Of course, we can fix all this relatively easily, but due to changes in the game loop, things aren't as simple as they were in Donpachi. Due to how I've written these cheats (i.e. lazily), they probably won't work if you try to run them at the same time. Namely, the Swiss Army tool cheat overwrites bits of the normally unused pause/stage scroll code to reimplement a proper call to the subroutine. Yes, I can probably rewrite them to work together, but it's not a priority right now. In any case, it shouldn't really be a problem as shared inputs on several of the tools makes running them simultaneously impractical.
If things get really messed up (like constant game crashes), hit Shift + F3 to do a hard reset of the MAME machine.
Pause and level scroll
The game can be paused and, while paused, the level can be scrolled forwards and backwards. The controls are the same as Donpachi.
Japanese / International version:
<cheat desc="Re-enable pause and stage scroll"> <comment>P2 Start to pause; P1 Start to unpause; While paused hold P1 B3 and press P1 Up/Down to move through the stage</comment> <script state="on"> <action>temp0=maincpu.md@b02</action> <action>maincpu.md@b02=4e714e71</action> </script> <script state="off"> <action>maincpu.md@b02=temp0</action> </script> </cheat>
The RAM editor is still present as well, though the cursor is a broken graphic.
<cheat desc="Enable RAM editor"> <script state="on"> <action>temp0=maincpu.md@af2</action> <action>maincpu.md@af2=00000b68</action> <action>temp1=maincpu.mq@b68</action> <action>maincpu.mq@b68=4eb900049bec4eb9</action> <action>temp3=maincpu.md@b70</action> <action>maincpu.md@b70=00056dd6</action> <action>temp4=maincpu.mw@b74</action> <action>maincpu.mw@b74=4e75</action> </script> <script state="run"> <action>maincpu.pw@1017a0=1</action> <action>maincpu.pw@1017a2=1</action> </script> <script state="off"> <action>maincpu.md@af2=temp0</action> <action>maincpu.mq@b68=temp1</action> <action>maincpu.md@b70=temp3</action> <action>maincpu.mw@b74=temp4</action> <action>maincpu.pw@1017a0=0</action> <action>maincpu.pw@1017a2=0</action> </script> </cheat>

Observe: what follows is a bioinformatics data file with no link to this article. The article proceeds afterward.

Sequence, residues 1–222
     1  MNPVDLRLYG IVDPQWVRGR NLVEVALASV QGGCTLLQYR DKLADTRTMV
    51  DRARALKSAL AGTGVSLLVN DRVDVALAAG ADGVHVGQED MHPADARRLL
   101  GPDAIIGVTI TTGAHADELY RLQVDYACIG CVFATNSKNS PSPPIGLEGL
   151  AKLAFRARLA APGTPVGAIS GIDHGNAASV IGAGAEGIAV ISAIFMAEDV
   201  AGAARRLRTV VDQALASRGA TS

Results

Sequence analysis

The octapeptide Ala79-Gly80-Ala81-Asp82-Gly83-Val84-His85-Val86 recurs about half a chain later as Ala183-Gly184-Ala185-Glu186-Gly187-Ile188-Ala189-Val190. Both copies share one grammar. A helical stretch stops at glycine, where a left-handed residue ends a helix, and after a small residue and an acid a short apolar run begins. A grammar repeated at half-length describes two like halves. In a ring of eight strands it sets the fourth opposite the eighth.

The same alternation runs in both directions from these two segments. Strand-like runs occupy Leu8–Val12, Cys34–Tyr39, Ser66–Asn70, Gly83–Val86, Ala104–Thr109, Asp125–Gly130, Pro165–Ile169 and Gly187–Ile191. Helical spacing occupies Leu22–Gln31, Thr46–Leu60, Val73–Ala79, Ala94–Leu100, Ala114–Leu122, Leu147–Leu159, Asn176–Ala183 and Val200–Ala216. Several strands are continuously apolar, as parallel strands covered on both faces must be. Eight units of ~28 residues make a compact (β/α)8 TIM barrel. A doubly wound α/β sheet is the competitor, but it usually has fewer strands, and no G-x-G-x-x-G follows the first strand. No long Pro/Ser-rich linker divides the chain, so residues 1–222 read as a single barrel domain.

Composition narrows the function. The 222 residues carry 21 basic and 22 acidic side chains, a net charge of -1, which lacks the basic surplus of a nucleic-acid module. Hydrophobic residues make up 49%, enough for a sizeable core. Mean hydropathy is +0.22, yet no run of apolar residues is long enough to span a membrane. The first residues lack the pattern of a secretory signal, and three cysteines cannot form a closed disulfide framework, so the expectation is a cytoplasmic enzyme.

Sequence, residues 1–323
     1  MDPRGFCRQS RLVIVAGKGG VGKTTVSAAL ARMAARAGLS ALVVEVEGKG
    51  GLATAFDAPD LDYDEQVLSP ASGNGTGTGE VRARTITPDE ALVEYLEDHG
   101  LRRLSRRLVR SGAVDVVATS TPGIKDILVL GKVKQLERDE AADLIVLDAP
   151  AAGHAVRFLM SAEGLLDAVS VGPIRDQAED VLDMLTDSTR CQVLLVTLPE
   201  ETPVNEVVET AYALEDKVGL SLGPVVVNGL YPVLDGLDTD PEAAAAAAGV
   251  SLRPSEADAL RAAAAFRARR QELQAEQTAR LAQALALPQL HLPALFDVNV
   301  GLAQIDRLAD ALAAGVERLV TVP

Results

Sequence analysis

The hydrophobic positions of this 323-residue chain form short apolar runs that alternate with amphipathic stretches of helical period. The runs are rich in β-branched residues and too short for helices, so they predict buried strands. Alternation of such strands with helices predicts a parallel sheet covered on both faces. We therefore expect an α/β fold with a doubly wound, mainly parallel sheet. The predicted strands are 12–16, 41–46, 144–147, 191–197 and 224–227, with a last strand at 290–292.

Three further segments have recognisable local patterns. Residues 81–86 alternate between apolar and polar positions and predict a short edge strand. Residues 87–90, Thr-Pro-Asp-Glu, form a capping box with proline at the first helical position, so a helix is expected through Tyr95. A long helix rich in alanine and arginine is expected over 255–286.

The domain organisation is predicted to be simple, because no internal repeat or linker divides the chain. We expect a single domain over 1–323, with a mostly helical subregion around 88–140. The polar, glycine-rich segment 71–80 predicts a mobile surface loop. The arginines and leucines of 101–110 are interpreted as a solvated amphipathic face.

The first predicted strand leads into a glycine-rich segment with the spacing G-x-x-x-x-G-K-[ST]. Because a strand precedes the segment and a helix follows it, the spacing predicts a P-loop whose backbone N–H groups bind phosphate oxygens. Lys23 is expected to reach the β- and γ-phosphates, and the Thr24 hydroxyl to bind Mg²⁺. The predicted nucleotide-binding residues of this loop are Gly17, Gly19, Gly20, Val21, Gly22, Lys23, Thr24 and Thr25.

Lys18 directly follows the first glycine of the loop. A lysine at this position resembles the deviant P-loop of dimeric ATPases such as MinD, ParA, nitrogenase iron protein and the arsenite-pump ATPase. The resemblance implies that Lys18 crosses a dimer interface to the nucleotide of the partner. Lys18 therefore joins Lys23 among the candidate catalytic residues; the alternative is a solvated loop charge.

Palette editor, object spawn and level select
The Swiss Army Knife tool is fully functional too. The font is now thankfully much more readable, though it's cursor is completely missing. See the Donpachi article for details on the inputs.
<cheat desc="Enable debug tools (Palette Editor/Object Spawner/Level Select)"> <parameter> <item value="0x00">Disabled</item> <item value="0x04">Enabled</item> </parameter> <script state="on"> <action>temp0=maincpu.md@af2</action> <action>maincpu.md@af2=00000b68</action> <action>temp1=maincpu.mq@b68</action> <action>maincpu.mq@b68=4eb900049bec4eb9</action> <action>temp3=maincpu.md@b70</action> <action>maincpu.md@b70=00056dd6</action> <action>temp4=maincpu.mw@b74</action> <action>maincpu.mw@b74=4e75</action> <action>temp6=maincpu.md@49c0c</action> <action>maincpu.md@49c0c=0010f001</action> </script> <script state="run"> <action>maincpu.pb@10f001=param</action> </script> <script state="off"> <action>maincpu.md@af2=temp0</action> <action>maincpu.mq@b68=temp1</action> <action>maincpu.md@b70=temp3</action> <action>maincpu.mw@b74=temp4</action> <action>maincpu.md@49c0c=temp6</action> <action>maincpu.pb@10f001=0</action> </script> </cheat>
If only more games had an object spawner like the ones in DP/DDP!